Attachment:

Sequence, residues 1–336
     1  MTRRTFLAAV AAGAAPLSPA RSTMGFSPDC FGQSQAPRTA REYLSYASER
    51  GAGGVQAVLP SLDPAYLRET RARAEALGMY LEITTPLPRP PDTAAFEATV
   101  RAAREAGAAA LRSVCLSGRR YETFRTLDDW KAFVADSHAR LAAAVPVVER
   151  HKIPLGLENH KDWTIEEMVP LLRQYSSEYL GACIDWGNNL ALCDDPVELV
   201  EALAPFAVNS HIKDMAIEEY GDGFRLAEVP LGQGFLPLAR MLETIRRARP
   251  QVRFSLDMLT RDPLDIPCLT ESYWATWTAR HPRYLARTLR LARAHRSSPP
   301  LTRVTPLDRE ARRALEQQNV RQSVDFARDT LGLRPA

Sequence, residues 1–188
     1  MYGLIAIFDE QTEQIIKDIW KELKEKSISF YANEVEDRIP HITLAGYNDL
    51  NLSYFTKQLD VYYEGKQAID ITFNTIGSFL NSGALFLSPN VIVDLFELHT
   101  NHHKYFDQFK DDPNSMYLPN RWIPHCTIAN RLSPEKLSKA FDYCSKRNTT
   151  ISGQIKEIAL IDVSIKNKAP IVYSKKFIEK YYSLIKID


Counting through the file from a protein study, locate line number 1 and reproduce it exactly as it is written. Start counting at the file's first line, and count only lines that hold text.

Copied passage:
Sequence, residues 1–336